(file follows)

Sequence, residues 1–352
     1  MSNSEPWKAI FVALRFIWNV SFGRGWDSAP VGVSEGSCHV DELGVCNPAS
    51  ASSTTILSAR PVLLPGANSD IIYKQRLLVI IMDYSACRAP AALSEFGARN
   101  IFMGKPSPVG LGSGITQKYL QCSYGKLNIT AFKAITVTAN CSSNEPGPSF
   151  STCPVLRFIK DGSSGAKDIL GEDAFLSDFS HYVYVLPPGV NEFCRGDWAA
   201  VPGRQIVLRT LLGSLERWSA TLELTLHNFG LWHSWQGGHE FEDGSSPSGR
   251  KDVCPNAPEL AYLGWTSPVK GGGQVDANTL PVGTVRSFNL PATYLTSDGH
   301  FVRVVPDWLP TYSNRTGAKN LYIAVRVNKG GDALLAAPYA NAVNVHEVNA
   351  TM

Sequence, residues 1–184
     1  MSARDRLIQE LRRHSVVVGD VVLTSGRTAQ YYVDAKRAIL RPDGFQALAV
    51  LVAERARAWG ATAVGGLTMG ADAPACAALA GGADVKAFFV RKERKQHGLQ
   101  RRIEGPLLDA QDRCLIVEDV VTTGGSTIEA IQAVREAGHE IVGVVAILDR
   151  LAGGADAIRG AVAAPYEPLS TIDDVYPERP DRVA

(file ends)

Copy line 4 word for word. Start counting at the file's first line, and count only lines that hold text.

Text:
   101  IFMGKPSPVG LGSGITQKYL QCSYGKLNIT AFKAITVTAN CSSNEPGPSF